Investors Panic as TSMC Wipes Out $100 Billion: What's Next?

The shares of Taiwan Semiconductor Manufacturing Co. (TSMC), a leading force in the global semiconductor market, have experienced a notable downturn, plummeting over 13% since April 11.

by Faruk Imamovic
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Investors Panic as TSMC Wipes Out $100 Billion: What's Next?
© Getty Images/Annabelle Chih

The shares of Taiwan Semiconductor Manufacturing Co. (TSMC), a leading force in the global semiconductor market, have experienced a notable downturn, plummeting over 13% since April 11. This decline has erased more than $100 billion in market value, raising concerns among investors about the potential for further losses.

During the company's recent first-quarter earnings call, TSMC adjusted its growth forecasts downward for the microchip industry, sparking a significant sell-off. As the company cut its growth expectations to just 10% this year, citing multiple challenges including tightening U.S.

export restrictions and a general slowdown in the semiconductor sector, the market reacted swiftly.

Options Market Signals More Trouble Ahead

In response to these challenges, the activity in the options market has intensified.

According to Bloomberg data, put options—investments that signify a bet on the stock's decline—reached their highest levels in three months. This surge indicates that many investors are bracing for TSMC's stock to fall even further.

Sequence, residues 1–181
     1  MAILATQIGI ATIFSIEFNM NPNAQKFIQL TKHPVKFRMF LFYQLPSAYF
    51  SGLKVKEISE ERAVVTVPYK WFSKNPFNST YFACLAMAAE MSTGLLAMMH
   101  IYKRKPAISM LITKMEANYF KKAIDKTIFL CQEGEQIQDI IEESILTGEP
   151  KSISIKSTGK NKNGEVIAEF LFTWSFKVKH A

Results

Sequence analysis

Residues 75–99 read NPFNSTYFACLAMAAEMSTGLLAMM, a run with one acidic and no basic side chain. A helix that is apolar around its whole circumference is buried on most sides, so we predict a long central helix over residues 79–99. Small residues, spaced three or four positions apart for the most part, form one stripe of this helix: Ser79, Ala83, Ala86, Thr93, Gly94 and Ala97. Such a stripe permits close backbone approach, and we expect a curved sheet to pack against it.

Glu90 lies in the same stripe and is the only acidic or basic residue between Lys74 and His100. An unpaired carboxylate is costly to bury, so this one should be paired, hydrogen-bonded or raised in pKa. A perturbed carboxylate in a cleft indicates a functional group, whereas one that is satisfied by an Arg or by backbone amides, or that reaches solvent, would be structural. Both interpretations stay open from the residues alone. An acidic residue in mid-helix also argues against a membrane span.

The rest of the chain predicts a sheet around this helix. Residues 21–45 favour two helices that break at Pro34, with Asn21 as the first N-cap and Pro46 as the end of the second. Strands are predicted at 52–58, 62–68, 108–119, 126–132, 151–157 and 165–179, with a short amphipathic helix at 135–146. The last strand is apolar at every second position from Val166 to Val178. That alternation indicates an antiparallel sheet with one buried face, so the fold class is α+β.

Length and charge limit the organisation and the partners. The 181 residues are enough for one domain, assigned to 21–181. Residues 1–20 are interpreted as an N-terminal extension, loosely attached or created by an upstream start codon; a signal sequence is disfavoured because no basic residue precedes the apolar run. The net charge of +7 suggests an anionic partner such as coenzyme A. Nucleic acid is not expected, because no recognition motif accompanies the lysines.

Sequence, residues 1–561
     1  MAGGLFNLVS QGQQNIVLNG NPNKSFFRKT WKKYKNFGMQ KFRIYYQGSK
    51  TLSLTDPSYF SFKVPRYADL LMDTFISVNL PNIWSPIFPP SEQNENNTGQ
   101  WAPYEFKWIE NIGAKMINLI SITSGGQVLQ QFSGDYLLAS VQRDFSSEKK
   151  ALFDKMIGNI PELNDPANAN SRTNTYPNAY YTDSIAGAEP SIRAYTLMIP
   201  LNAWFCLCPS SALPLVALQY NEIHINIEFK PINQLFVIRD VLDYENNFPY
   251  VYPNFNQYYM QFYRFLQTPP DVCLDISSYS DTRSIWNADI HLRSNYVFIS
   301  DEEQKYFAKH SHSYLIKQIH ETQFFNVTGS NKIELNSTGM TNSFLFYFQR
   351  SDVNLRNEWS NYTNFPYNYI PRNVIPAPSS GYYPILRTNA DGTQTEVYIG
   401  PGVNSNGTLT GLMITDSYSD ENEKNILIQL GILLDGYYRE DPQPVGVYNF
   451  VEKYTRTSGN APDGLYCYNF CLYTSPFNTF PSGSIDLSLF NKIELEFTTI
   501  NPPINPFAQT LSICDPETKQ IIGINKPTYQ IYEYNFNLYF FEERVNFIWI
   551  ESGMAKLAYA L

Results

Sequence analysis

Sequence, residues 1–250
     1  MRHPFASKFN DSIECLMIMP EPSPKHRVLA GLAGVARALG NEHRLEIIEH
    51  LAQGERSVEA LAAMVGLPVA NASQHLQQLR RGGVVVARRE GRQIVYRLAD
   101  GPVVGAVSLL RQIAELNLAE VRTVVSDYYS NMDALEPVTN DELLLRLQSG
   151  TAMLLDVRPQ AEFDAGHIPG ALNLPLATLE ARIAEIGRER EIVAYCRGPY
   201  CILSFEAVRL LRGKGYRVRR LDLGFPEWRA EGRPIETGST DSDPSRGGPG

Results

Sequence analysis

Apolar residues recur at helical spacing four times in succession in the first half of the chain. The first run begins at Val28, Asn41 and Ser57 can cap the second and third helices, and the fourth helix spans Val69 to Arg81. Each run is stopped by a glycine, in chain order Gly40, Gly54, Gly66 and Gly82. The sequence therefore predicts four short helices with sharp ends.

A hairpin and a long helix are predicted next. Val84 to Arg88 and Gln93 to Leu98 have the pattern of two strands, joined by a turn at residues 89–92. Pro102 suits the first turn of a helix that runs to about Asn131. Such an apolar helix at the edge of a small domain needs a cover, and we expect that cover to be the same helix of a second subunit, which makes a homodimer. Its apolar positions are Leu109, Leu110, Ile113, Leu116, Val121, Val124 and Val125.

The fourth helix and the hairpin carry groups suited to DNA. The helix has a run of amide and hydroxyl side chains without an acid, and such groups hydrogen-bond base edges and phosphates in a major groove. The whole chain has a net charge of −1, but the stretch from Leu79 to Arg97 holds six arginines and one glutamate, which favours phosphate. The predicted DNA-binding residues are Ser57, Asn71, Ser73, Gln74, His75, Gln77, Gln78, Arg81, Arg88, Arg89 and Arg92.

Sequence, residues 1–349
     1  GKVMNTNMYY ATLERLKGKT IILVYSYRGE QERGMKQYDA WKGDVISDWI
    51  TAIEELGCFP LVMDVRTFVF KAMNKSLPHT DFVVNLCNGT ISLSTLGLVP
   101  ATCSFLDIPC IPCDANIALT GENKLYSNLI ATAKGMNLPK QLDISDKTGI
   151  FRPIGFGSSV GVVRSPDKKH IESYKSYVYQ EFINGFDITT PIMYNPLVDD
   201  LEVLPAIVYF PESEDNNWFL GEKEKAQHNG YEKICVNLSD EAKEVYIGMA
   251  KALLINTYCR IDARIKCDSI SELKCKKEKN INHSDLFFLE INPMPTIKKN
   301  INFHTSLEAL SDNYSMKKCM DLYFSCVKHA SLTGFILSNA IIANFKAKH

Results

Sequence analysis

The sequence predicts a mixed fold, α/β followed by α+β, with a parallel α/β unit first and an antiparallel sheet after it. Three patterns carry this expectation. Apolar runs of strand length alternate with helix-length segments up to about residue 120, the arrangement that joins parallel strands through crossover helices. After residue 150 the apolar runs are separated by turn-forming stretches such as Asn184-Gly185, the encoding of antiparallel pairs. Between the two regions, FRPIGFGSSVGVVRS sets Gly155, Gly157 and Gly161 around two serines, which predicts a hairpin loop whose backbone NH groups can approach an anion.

The overall speculative activity around TSMC has also increased, with the open interest for both put and call options rising by 20% compared to their 20-day average. This heightened activity suggests a growing unease among traders about the future direction of TSMC's stock, especially as the semiconductor industry faces broader economic pressures.

Broader Tech Sector Under Pressure

TSMC's struggles are part of a larger trend affecting the tech industry. Other prominent chipmakers such as Nvidia and Super Micro Computer have also seen significant declines, dropping 8% and 22% respectively over the past week.

The Nasdaq Composite, which includes many tech giants, has not been immune to these downturns, slipping 3% in the same period. Investors and traders are now on edge as they anticipate upcoming earnings reports and consider the impact of potential economic policies, including fewer Federal Reserve rate cuts than initially expected this year.

The tech sector, once seen as relatively resilient, is now navigating through a maze of financial and political challenges that could shape its trajectory for the foreseeable future.

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